During Thursday's city council agenda review meeting, city administration was on the defensive following a report by the Tampa Bay Times that despite an overall increase in traffic accidents, the city wants to add more red light cameras.
Earlier this week, city staff released a lengthy report of data from the first year of red light cameras in St. Petersburg. In it, are numbers about red light running crash rates, red light running injury crash rates and red light related rear end rates. What was not in there, was the total number of crashes.
The total number of crashes at intersections with red light cameras is actually up 10 percent. According to the Times, "crashes increased from 298 to 328 at the 10 intersections with cameras between November 2011 and October."
Joe Kubicki, director of the city's transportation and parking management department, began his brief presentation Thursday with an apology to city council for omitting the overall crash numbers from his report.
"We’ve really tried to make it clear, isolate the camera issue from other problems at intersections," Kubicki said. "If it caused confusion, I apologize."
He said there was no intent to leave out or hide information. The purpose of the report, he said, was to shed light on red light running related crashes. Other crashes, Kubicki said, have nothing to do with red light cameras.
"A majority (of crashes) are caused by other reasons other than running red lights," Kubicki said.
Kubicki and Mayor Bill Foster said the total crash numbers were left out of the report in order to focus more on red light related crashes. Foster said the other crash numbers were a distraction from the real red light running crashes.
"The No. 1 cause of intersection accidents today is driving under the influence of a cell phone," Foster said. "Distracted drivers are causing havoc at every intersection. It has nothing to do with red light, green light. ... We have a decline in red light related crashes."
According to the city's report, red light related crashes have been declining in the first year of the program compared to the three years prior to installation of the cameras.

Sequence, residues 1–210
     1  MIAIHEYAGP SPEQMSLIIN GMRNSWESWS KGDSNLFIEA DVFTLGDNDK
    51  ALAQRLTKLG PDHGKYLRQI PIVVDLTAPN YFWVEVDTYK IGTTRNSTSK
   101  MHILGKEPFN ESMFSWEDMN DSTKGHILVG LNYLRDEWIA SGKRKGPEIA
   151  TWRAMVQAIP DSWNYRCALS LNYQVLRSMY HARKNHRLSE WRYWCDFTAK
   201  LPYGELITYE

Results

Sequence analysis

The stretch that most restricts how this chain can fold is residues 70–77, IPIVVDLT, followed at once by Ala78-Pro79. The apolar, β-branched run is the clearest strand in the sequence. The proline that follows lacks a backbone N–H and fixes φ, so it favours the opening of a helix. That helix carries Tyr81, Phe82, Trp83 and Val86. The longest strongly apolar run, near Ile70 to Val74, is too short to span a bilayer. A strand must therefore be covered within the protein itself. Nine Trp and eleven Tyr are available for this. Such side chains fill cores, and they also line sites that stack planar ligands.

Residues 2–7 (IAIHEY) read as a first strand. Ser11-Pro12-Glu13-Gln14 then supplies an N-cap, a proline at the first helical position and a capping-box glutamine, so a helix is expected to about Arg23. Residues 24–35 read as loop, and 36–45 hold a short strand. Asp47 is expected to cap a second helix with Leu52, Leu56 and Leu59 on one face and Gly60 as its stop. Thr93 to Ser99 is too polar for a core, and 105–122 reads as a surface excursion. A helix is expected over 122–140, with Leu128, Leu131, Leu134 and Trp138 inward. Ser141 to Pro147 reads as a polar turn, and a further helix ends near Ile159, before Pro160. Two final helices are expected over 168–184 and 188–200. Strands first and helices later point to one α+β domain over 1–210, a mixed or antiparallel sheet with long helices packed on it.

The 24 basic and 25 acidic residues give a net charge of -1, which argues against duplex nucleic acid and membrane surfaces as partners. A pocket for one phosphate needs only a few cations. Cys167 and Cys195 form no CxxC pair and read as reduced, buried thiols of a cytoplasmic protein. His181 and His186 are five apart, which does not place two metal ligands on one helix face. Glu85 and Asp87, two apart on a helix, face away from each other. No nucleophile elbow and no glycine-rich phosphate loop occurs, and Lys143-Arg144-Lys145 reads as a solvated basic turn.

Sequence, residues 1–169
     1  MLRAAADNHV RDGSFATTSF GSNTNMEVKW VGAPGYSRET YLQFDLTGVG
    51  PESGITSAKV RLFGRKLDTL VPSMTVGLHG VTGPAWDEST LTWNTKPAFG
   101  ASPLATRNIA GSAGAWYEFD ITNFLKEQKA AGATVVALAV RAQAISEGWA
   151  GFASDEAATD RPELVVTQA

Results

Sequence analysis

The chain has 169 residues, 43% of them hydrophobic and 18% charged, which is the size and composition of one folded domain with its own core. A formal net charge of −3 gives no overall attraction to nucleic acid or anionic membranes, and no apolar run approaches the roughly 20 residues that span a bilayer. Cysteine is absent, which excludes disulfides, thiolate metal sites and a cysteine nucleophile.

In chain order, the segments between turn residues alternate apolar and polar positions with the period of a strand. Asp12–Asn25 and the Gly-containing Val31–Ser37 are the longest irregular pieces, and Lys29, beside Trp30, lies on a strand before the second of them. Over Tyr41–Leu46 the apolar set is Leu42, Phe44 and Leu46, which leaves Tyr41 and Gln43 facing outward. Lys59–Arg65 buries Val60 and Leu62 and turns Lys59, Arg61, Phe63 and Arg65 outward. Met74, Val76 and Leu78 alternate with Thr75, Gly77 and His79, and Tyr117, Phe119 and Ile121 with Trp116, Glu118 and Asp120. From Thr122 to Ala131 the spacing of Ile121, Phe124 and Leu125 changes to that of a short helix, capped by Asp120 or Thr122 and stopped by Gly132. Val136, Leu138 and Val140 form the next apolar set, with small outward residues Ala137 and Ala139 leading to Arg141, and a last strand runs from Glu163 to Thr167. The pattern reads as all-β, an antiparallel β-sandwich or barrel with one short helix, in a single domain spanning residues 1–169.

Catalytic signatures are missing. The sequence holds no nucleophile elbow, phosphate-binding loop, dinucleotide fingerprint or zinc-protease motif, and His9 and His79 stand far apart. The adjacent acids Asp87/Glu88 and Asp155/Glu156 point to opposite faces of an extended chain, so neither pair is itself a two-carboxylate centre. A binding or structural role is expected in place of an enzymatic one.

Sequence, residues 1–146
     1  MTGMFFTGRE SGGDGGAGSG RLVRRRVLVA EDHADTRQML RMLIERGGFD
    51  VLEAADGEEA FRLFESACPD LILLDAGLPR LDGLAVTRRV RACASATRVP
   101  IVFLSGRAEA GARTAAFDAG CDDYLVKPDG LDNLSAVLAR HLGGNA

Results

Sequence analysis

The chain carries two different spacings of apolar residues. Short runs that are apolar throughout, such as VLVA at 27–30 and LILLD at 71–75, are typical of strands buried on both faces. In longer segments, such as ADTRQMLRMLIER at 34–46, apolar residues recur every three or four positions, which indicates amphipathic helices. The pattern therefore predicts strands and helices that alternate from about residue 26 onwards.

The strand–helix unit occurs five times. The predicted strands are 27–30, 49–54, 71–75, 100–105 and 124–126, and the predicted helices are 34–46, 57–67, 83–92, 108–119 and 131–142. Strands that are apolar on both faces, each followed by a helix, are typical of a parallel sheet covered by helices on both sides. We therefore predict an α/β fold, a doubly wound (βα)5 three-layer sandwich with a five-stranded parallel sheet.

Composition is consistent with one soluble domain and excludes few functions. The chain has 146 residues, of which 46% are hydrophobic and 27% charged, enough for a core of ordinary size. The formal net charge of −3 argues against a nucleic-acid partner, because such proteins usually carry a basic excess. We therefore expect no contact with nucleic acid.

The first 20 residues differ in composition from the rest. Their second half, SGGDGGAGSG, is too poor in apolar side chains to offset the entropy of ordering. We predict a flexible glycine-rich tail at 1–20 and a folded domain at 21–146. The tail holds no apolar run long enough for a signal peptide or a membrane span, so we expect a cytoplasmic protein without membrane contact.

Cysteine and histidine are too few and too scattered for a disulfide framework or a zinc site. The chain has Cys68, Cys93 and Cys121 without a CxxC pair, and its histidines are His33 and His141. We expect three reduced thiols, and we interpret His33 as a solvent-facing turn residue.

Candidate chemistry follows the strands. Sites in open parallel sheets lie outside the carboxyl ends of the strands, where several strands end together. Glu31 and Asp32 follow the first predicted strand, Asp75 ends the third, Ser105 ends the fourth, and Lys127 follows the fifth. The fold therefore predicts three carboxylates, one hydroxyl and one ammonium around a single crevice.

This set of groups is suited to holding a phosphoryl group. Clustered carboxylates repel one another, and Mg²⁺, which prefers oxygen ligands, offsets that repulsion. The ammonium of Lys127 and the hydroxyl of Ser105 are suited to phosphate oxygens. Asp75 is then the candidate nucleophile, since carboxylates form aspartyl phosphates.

- Red light running crash rate net reduction of 25 percent,
- Red light running injury crash rate net reduction of 39 percent,
- Red light related rear end crash rate net reduction of 15 percent
Longtime opponent of red light cameras, St. Pete resident Matt Florell, is not buying the city's "omission" excuse.
"I completely don’t understand how it could be an oversight or omission," Florell told Patch. "It was on purpose."
During the first year of the Stop on Red program, there were 36,185 violations. Of those violations, 22 percent were issued for left-turns, 40 percent were issued for thru movements and 38 percent issued for right turns.
Council member Wengay Newton said he is getting tired of hearing about new data of the red light cameras from Florell and the media instead of getting the numbers directly from city staff.
"Why can’t we just get (the information) we need to be getting," Newton said Thursday. "We always find out from the media. The data shows total crashes are up by 10 percent."
Florell said he has plans to meet with city staff and members of city council prior to the Dec. 20 report to install nine additional red light cameras in the city.
In October, council voted to delay adding cameras until a full year's worth of data was collected on their effectiveness.
Nine new proposed cameras, which in some cases are not in new intersections just new directions, include:
- Northbound at 34th Street and 1st Avenue S,
- Northbound and westbound at 34th Street and 22nd Avenue North
- Northbound and southbound at 34th Street and 5th Avenue N,
- Northbound and southbound at 66th Street and 13th Avenue North
- Northbound and westbound at 66th Street and 38th Avenue North.
Florell said he wants to ask the city for proof that red light cameras affect only red light running crashes before any new cameras are installed.
"There is no study that makes that claim," Florell said. "Red light cameras are basically a distraction that affects the total crash situation of an intersection.
"You can’t just separate the statistics you like to say it is working and ignore everything else," Florell added. "True scientific studies don’t do that, politicians do that."